Praising Eliza Binte Elahi’s effort behind producing the captivating story of the first Bengali modern woman of Dhaka, guests and audiences lauded the documentary film after its inaugural screening at the LWM auditorium.
“On behalf of our Embassy and all the Japanese people, I wholeheartedly thank Eliza for initiating the documentary, which must have faced difficulties in the making under this Covid situation. You have dealt with the subject, which goes beyond the border for Bangladesh, so this is a cultural story regarding the cultural exchange between Japan and Bangladesh. I was really stunned while watching this documentary,” ambassador Naoki said at the event.
The true idea of ‘Modernism’ does not depend on how modern a person is with clothes or academic degrees; it depends on the viewpoint and mentality
“I learned about the story of Hariprabha Takeda three months ago, when I attended the Cosmos Foundation’s virtual dialogue on ‘Bangladesh-Japan Relations: Prognosis for the Future’ from renowned Bangladesh scholar Monzurul Huq, who really emphasised the significance of Hariprabha’s story, and the history of Japan and Bangladesh, the friendship and partnership between the two countries, and the people to people exchange. She was a really courageous woman, a pioneer who overcame the difficulties of her time. Though there are cultural similarities between Japan and Bangladesh (rice culture, fish eating culture etc.) which might have helped her to get familiarised herself in Japan, nonetheless, her story is truly fascinating,” Naoki added.
Professor Muntassir Mamoon emphasised on the cultural impact made by Hariprabha Takeda, whom he referred to as the “first Bengali modern woman in history” in his previous scholarly article for ‘Kali o Kalam’ magazine and also in the documentary itself.
“The true idea of ‘Modernism’ does not depend on how modern a person is with clothes or academic degrees; it depends on the viewpoint and mentality. Over a hundred years ago, a Bengali woman married a Japanese man, adopted the cultural identity of both the countries and also wrote about her experiences as a traveller. I believe that speaks volume for her modernist identity.”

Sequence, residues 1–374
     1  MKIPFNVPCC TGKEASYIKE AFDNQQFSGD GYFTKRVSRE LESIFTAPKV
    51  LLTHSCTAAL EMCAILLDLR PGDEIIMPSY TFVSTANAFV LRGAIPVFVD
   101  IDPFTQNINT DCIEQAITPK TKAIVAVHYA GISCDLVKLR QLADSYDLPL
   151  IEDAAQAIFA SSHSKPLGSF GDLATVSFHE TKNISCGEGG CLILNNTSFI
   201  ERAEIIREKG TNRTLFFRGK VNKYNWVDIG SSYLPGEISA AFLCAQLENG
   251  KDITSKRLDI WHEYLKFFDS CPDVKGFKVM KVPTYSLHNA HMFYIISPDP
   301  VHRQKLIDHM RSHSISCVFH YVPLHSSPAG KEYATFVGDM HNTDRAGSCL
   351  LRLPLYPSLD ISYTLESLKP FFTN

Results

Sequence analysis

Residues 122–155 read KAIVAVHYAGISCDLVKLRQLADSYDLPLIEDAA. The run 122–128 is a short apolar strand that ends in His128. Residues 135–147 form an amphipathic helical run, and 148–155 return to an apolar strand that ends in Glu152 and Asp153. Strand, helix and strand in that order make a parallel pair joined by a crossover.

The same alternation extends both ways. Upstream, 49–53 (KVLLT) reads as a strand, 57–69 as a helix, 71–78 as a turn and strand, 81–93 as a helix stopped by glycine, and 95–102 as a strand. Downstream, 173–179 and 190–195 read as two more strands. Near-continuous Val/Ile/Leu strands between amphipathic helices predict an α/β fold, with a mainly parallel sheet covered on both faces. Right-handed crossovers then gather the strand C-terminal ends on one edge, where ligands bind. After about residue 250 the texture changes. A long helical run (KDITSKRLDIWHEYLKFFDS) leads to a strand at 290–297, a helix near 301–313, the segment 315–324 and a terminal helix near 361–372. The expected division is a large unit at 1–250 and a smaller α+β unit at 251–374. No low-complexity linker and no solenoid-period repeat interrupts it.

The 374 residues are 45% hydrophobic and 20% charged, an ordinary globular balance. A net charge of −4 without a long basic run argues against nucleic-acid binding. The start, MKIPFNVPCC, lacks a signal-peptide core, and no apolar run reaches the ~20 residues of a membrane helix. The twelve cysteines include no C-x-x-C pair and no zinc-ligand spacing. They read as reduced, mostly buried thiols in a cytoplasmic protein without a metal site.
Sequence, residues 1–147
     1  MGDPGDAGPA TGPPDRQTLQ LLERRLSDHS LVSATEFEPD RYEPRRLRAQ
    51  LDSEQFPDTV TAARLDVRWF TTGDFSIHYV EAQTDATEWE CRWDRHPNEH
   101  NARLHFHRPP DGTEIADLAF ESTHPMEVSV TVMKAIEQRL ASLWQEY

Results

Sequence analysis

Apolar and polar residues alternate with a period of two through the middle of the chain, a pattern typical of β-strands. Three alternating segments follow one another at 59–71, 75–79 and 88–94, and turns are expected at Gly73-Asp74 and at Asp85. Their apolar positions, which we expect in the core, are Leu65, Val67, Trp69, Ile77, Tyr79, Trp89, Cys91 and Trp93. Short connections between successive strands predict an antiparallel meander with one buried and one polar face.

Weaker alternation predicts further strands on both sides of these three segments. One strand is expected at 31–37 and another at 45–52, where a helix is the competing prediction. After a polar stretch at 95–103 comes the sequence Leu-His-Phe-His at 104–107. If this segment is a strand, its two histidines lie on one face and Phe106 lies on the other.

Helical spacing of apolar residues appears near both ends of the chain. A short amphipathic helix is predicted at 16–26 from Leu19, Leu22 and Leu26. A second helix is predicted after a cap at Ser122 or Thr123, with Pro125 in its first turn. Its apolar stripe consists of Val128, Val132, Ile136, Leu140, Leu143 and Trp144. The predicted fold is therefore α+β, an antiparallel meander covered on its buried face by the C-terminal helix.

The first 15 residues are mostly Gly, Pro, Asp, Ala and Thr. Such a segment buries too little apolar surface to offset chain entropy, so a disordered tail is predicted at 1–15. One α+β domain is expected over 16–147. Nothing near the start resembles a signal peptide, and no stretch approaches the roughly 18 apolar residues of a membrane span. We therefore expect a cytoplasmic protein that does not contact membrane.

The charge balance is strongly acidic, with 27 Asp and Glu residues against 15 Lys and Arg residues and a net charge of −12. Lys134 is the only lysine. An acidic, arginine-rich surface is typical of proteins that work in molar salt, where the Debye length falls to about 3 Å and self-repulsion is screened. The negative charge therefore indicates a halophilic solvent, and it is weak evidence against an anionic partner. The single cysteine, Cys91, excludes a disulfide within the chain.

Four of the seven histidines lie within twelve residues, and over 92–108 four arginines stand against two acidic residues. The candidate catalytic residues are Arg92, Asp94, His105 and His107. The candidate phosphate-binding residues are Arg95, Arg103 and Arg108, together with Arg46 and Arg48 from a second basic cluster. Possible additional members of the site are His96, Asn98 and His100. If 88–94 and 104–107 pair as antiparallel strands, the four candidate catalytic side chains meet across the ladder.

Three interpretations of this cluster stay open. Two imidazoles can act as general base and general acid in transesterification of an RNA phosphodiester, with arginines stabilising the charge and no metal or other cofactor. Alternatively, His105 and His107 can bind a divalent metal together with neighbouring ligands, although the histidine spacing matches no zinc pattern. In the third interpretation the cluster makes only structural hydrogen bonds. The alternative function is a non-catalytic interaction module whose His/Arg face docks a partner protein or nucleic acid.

“In 1971, the civil society of Japan cordially assisted Bangladesh, and in respect to the glorious friendship between the two countries, I would request the concerned authorities to dub the film in Japanese language so that our Japanese friends can learn about this amazing documentary made by Eliza,” he added.
Bangladeshi scholar Monzurul Huq conveyed his greetings and expressed his admiration to the project and the film via a video message at the event. He played a major role behind rediscovering and addressing Hariprabha to the world by locating a copy of the first and only book published by her sister, Santiprabha Mullick in 1915 in London’s Indian Office Library. Later, he brought out an edition of the book in 1999; two more editions were published later in Delhi (2007) and Kolkata (2009) by others.
“Hariprabha and her Japanese husband Uemon Takeda are true pioneers, who laid the foundation of a very cordial bilateral relationship between the two countries. She married a foreign national at the time when women were supposed to stay at home and follow straight social order. She travelled to an unknown world and also shared her experiences for the others, through writing a book on what she has seen. The book was published in 1915 and all the proceedings were donated for ‘Matriniketan,’ a shelter home for abandoned girls and destitute women in Dhaka’s Nimtali, run by her family.”
Producer Eliza Binte Elahi, who also played the character of Hariprabha in the documentary, talked about her experience behind the project and expressed her gratitude to the concerns at the screening.
“Discovering and presenting Hariprabha through the documentary was a challenge, nonetheless it was truly an amazing experience for me. I feel honoured to showcase her amazing tale through this film, which I believe will enthral the audiences,” she said.
The 26-minute documentary was shot in several locations in Dhaka, recreating the picturesque atmosphere of Hariphaba’s time in history back in the early years of 1900.
Several renowned personalities demonstrated the fascinating tales of Hariprabha in the documentary, including Monzurul Huq, Muntassir Mamoon, ‘Kali o Kalam’ magazine editor late Abul Hasnat, and Watanabe Kazuhiro, the chief of Bangla Department of Japan’s public media organisation NHK World.
Hariprabha Mallick Takeda (1890-1972) was born in Khilgaon, Dhaka and was married to Uemon Takeda, a Japanese chemist employed in her father’s soap factory in Dhaka called ‘Indo-Japanese Soap Factory’. Hariprabha visited Japan for four months in 1912-13 with Uemon Takeda and wrote a book ‘Bongo Mohilar Japan Jatra’ in 1915.
She settled permanently in Japan in 1941. But she moved to Jalpaiguri, West Bengal after her husband’s death. She breathed her last at Shambhunath Pandit Hospital in Kolkata in 1972. Renowned Bangladeshi filmmaker Tanvir Mokammel made a documentary titled “Japani Bodhu’’ (The Japanese Wife), based on Hariprabha’s book and her entire experiences.